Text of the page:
Adolescence is an exciting time for youth and those who care for them. The adolescence stage of development is a critical time and is another opportunity for adults to support the continued development of youth and young adults. Understanding adolescent development can help supportive adults work with youth in a more productive manner and promote open lines of communication. The following resources provide insight into the adolescent brain for parents or professionals working with youth, providing information on the development process and highlighting the changes in the brain during this stage of life.
Adolescent Brain Development
Jim Casey Youth Opportunities Initiative
Provides research on resiliency and the potential of adolescent brains. The website highlights many resources including The Adolescent Brain–New Research and Its Implications for Young People Transitioning From Foster Care (PDF - 785 KB) and a factsheet titled What’s Going on in There?.
World Health Organization
Outlines adolescent development in terms of physical, neurodevelopmental, psychological, and behavioral changes.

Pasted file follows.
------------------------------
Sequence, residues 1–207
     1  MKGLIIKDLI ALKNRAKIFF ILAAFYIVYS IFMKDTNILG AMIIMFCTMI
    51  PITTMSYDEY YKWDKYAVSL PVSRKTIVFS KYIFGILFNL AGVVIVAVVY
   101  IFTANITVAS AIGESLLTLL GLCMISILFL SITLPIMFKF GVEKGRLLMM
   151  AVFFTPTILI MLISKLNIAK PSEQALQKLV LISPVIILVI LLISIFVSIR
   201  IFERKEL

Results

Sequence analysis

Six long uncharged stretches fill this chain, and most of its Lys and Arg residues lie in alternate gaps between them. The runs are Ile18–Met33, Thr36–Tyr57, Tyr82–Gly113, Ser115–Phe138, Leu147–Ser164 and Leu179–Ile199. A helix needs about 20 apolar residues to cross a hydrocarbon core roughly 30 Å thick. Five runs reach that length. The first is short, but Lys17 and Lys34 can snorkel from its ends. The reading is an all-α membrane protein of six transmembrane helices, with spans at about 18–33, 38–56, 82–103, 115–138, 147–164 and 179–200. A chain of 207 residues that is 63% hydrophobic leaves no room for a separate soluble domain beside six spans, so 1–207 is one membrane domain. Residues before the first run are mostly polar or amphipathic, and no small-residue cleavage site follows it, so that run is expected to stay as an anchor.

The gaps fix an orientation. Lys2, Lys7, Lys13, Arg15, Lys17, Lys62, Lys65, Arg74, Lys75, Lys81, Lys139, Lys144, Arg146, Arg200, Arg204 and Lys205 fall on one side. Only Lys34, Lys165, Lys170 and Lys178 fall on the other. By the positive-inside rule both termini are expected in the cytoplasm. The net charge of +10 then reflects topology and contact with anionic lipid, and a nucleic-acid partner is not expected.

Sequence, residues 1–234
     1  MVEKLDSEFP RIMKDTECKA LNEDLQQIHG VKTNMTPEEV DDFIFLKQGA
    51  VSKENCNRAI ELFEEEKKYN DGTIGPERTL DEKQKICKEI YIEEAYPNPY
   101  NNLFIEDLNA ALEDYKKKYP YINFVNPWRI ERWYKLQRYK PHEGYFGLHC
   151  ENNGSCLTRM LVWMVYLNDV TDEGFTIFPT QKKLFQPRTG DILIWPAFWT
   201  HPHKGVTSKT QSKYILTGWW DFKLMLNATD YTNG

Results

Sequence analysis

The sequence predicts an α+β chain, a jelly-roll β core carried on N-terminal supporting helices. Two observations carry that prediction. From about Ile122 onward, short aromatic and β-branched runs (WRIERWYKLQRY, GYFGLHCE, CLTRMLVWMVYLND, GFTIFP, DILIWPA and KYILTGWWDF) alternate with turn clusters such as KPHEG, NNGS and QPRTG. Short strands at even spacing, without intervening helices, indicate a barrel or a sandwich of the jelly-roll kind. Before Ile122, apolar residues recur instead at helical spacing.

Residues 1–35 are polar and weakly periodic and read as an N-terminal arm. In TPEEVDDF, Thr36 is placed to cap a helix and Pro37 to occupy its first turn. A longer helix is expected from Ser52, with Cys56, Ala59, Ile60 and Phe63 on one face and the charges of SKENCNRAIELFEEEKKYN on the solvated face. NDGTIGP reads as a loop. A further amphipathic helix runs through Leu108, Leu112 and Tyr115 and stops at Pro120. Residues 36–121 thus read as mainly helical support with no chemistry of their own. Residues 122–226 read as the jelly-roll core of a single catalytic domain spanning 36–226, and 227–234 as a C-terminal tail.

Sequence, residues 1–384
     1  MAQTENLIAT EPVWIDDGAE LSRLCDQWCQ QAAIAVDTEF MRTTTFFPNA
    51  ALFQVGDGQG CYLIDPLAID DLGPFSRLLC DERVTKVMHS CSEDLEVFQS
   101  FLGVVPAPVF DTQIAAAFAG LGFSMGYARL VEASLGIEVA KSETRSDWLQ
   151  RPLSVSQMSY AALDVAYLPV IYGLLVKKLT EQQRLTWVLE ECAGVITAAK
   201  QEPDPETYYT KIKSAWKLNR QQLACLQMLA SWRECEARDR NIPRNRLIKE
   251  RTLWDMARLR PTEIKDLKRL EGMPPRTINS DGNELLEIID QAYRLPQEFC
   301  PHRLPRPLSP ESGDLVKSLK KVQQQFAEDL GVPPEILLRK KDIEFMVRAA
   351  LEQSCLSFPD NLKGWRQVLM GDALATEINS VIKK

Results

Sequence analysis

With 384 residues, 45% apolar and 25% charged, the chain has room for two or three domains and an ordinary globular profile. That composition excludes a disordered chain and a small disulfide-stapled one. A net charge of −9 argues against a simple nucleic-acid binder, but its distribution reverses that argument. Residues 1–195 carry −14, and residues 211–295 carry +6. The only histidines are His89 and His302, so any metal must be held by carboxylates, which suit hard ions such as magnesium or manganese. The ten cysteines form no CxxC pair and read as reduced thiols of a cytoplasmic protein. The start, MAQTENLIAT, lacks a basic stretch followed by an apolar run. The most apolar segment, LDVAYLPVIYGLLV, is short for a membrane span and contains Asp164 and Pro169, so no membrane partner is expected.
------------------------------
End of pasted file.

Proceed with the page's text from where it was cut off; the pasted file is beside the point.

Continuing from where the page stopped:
Child Development: Teenagers (15–17 years of age)
Centers for Disease Control and Prevention
Defines the various age groups and their development milestones and provides tips to parents on how to interact with their teenagers.
Executive Function and Self-Regulation
Harvard University, Center on the Developing Child
Discusses the importance of developing executive function and self-regulation skills during childhood and adolescence for healthy development into adulthood.
Understanding Adolescence: Seeing Through a Developmental Lens – Developmental Tasks and Attributes of Late Adolescence/Young Adulthood (Ages 18–24 years) (PDF - 105 KB)
State Adolescent Health Resource Center (2013)
Outlines the ever-evolving line between adolescence and adulthood, explaining how the process is gradual and varies by individual.